Sound can affect both our physical and mental health, said Nina Kraus, a neurobiologist at Northwestern University and the author of “Of Sound Mind: How Our Brain Constructs a Meaningful Sonic World.”

“It’s underrecognized because it’s invisible.” Dr. Kraus added. For example, few people realize how much background noise — an air-conditioner or a leaf blower — can affect how we feel, she said.

Dr. Kraus said a number of systems within the body play a role in how we process sound, affecting how we think, how we feel and how we move. Sound is also deeply linked to memory, she said, so it may affect you emotionally and psychologically.

The practice of sound healing, including sound baths, has not been widely studied. But limited research does suggest it may provide some benefits, at least in the moment.

In an observational study of 62 people, participants scored lower on a scale designed to measure feelings of anxiety and depressed mood after one singing bowl meditation than they did before the session. Dr. Goldsby, who was the lead author of that study, added that some participants reported less tension after the session, and that effect was greater for those who hadn’t tried sound meditation before.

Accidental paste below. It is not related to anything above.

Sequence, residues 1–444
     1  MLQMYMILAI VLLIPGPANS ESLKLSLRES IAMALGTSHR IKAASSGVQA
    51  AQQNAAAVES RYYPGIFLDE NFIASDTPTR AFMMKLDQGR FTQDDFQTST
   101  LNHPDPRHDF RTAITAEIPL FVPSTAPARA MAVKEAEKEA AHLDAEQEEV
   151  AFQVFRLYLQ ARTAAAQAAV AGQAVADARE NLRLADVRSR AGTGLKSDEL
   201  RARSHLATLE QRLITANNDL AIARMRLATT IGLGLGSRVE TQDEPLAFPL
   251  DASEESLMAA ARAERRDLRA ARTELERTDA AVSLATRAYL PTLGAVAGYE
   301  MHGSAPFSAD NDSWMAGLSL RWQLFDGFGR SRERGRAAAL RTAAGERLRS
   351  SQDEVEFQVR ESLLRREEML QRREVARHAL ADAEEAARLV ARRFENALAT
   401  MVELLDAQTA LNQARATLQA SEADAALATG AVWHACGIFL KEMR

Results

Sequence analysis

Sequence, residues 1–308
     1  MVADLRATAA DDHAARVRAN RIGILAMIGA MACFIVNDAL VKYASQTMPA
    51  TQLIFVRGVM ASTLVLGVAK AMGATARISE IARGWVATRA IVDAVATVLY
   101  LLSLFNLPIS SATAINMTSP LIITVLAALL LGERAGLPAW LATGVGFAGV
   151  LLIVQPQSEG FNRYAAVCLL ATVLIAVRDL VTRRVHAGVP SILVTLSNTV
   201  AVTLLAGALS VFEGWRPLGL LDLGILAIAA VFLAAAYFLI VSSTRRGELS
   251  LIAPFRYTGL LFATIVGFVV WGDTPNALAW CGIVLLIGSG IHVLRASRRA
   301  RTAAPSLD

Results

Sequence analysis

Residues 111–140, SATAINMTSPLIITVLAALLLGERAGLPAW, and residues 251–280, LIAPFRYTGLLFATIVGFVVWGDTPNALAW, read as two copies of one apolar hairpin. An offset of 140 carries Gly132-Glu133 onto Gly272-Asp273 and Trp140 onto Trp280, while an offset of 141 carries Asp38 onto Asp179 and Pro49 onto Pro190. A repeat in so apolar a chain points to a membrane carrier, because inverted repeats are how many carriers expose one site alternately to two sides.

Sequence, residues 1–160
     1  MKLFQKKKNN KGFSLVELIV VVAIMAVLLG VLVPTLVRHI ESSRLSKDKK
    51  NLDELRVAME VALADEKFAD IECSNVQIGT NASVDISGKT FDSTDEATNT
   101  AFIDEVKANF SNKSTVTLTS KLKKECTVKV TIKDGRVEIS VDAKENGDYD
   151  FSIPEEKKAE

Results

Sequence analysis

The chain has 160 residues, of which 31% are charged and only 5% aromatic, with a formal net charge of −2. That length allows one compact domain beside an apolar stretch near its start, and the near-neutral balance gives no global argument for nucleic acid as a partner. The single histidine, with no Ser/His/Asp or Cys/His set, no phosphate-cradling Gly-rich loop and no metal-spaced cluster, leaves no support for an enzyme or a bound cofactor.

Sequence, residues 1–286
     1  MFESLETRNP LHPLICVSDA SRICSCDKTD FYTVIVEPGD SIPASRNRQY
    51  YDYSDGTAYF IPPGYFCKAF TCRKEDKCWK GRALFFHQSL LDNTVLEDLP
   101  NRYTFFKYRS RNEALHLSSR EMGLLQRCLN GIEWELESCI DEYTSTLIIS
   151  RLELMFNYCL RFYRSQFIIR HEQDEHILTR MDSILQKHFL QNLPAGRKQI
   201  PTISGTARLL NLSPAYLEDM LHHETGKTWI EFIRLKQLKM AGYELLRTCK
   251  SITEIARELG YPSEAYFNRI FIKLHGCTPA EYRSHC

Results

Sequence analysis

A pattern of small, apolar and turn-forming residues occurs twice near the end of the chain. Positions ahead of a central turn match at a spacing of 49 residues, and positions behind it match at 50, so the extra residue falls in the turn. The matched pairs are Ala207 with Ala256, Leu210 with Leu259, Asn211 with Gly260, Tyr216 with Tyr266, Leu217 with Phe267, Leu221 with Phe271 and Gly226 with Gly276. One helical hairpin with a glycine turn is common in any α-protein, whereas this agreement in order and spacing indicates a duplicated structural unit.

One small randomized trial of 74 undergraduate students found that those who did a 30-minute meditation with didgeridoo music felt more relief from anxiety and acute stress than those who did a silent meditation. Another suggested sound-based treatment could be an useful relaxation tool for people who occasionally feel anxious.

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